A group of young people banded together more than a decade ago to overcome public opinion, personal doubt and bureaucracy and build a safe space where Baltimore's youths could thrive and be recognized as productive members of the community.

But the Youth Dreamers recently realized they couldn't overcome their biggest hurdle: reality.

The Dreamers started as a small, elective middle-school class and became one of the most successful youth-run organizations in the city, drawing national attention. Now they no longer have a home.

Amid a funding slump, the organization has been forced to rent out the home it built. The place not only provided space for meetings and programs for hundreds of youngsters but also represented what they set out to prove 12 years ago — that a group of students could congregate for positive change in Baltimore.

"It's hard to see the walls so empty, the house so quiet," Deja Joseph, a Dreamers board member, said on a recent visit, as she sat in the house's "Inspiration Room," whose bright green walls have been stripped of posters full of goals and to-do lists. "It was everything we were. Now it's everything we're not."

The Victorian painted in pastels still stands out when you turn onto Carswell Street, a street lined with traditional rowhouses in the Coldstream Homestead Montebello neighborhood.

But missing are the students who came to the house to take part in homework clubs, tutoring, mentoring, advocacy projects and fundraisers.

The Youth Dreamers started with nine students out of their classroom at the Stadium School, eventually moving to the house and serving more than 600 youths.

The Dreamers designed, gutted, painted and decorated the youth center over six years, and some of the permanent fixtures and hand-painted murals remain.

"It's hard to give up something you worked so hard for, because we did this," said Joseph, a junior at City College who joined the Youth Dreamers in fifth grade. "But us losing the house isn't us losing the organization. The Youth Dreamers are still here. And we are not done."

Five students and six adults still sit on the board of Youth Dreamers, and will continue to meet at the house once a month.

They rented the house, called the "Dream House," to the Baltimore Teacher Network for at least 18 months. They plan to use the rent money to establish a college scholarship program.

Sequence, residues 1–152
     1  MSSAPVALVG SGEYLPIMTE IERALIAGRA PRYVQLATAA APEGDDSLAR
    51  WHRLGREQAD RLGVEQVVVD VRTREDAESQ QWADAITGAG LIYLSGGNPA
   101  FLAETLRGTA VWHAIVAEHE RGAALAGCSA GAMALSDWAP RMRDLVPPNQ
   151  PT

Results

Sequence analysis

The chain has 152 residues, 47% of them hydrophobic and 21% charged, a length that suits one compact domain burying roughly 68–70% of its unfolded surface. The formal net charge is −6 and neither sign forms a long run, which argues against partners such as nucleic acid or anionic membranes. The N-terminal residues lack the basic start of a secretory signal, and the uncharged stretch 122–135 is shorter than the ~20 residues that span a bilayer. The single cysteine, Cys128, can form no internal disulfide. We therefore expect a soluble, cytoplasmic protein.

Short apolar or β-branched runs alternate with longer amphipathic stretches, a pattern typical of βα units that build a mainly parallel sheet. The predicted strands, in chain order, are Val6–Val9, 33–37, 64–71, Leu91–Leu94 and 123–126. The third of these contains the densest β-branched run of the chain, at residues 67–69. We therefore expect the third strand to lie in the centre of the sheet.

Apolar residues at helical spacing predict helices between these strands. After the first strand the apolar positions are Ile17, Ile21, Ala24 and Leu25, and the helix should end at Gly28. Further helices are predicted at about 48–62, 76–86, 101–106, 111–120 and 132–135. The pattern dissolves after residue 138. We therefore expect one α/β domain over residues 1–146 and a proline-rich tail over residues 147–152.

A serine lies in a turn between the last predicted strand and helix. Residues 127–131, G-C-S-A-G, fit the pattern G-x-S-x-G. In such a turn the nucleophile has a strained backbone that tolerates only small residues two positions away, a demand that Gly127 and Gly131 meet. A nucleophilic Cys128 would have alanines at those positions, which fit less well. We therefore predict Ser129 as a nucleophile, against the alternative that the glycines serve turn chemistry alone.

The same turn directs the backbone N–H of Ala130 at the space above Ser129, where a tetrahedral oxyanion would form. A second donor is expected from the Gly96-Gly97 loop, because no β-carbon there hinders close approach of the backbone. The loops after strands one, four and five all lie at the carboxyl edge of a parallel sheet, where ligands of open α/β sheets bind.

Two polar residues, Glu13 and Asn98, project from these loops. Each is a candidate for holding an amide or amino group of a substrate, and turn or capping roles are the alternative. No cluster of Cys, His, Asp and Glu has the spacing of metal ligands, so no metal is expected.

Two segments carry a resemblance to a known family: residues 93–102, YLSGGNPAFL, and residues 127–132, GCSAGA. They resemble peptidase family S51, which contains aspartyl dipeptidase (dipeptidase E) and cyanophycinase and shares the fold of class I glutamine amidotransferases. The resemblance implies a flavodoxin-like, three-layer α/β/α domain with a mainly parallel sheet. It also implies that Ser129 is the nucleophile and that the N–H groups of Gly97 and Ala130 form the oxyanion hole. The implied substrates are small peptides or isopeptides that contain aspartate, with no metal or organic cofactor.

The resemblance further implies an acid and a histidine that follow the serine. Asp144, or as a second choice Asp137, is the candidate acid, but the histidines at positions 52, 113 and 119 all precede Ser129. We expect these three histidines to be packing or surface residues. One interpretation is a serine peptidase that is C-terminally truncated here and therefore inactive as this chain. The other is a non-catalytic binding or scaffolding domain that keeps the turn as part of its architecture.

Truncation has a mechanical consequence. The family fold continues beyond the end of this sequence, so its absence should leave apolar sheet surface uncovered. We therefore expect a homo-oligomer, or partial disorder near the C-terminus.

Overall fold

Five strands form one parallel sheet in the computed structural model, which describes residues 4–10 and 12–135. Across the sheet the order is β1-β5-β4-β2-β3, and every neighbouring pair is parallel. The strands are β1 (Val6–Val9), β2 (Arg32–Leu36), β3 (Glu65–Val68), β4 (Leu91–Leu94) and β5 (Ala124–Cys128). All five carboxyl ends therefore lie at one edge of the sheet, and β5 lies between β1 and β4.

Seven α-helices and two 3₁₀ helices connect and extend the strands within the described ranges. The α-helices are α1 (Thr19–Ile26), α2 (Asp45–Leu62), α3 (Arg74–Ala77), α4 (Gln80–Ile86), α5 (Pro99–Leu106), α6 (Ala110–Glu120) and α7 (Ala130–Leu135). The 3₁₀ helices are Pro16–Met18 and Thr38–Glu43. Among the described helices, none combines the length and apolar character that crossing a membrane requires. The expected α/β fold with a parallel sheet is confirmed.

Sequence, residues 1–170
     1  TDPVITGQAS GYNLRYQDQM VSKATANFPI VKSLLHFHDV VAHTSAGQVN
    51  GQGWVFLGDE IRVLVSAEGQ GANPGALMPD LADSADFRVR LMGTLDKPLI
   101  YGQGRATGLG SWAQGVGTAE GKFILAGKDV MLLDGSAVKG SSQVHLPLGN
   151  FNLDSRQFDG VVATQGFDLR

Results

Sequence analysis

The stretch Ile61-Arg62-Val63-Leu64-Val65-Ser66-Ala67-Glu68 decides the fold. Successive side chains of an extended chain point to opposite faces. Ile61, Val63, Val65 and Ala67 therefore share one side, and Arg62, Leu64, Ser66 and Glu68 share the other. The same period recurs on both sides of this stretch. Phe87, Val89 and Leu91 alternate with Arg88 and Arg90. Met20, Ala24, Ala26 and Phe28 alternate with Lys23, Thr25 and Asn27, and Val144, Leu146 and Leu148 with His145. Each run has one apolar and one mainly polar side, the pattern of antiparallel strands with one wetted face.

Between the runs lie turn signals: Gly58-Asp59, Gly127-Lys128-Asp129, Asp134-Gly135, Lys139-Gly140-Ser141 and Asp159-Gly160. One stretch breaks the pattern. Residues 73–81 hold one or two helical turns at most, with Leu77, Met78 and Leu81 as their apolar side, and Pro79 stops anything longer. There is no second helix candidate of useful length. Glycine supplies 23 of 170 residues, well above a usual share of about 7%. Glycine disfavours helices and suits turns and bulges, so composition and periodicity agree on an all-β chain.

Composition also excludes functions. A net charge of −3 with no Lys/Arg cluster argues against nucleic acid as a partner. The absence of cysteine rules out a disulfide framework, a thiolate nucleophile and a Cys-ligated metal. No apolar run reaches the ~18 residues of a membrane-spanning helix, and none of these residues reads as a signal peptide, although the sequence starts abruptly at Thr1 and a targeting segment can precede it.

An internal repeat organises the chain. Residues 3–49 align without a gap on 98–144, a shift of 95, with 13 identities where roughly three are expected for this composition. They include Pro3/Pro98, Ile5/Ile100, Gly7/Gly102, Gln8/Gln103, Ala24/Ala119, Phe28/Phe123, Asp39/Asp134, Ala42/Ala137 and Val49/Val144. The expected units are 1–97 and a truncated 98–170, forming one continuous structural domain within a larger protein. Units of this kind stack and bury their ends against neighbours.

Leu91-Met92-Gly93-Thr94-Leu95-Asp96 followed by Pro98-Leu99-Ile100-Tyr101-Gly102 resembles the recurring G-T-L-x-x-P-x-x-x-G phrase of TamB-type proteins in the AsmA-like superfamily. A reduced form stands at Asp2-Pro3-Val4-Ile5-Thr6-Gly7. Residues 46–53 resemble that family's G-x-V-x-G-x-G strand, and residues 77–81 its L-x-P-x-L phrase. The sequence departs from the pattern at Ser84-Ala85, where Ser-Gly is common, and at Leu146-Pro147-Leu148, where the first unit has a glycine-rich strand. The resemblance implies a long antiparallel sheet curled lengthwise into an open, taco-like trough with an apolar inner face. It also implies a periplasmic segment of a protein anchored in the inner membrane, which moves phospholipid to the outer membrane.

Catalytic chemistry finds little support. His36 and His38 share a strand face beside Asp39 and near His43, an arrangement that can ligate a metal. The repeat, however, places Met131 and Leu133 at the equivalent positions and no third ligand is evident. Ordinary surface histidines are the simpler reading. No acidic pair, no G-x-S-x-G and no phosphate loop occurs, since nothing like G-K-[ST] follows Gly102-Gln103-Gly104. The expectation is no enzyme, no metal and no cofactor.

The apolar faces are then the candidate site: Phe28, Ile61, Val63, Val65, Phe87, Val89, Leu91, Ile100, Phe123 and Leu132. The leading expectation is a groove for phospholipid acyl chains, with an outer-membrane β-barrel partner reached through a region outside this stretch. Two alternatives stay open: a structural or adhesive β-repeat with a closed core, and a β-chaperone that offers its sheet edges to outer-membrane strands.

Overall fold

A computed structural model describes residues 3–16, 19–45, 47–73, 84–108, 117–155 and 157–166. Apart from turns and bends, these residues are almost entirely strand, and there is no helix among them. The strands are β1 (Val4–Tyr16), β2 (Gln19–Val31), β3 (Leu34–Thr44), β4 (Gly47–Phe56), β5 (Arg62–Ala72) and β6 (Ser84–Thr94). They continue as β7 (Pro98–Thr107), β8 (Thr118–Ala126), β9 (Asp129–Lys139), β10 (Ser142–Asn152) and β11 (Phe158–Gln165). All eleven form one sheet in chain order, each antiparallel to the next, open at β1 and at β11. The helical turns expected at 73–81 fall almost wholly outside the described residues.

The group began to experience funding problems about two years ago, said Kristina Berdan, executive director of the Youth Dreamers. The recession prompted foundations and other benefactors to be more selective, and many chose initiatives that could produce results such as improved test score data.

While the Dreamers had raised more than $1 million through grants, donations and fundraisers since it started in 2001, the group couldn't afford to keep operating out of the house. It cost about $200,000 a year to run the nonprofit organization.

Adding to the financial woes, the Dreamers' partnership with the Stadium School had come to an end. The school's test scores had declined, and it chose to eliminate courses that weren't part of its core curriculum, like the projects class that gave the Youth Dreamers its start. The school helped the Dreamers in ways such as paying Berdan's salary.

Berdan, who taught in the city for 13 years, challenged the students in her projects class to come up with a tangible solution to the violence that had been plaguing the city.

They decided to build a place where youths could take refuge after school, and make it fun and useful enough that they would choose to go there instead of the streets.

So the Dreamers bought a boarded-up home for $12,500 and rehabbed it with nearly $325,000 they raised through letter-writing campaigns, fundraisers and a $70,000 grant secured by Sen. Barbara A. Mikulski.

The group successfully fought zoning laws and opposition from homeowners whofeared the house would attract unruly crowds.

But after the house opened, the Dreamers were honored with a City Council resolution and won over the neighbors, who eventually began bringing sodas to their block parties, mowed the lawn when they weren't there, and played in the horseshoe pit on the Dream House lawn.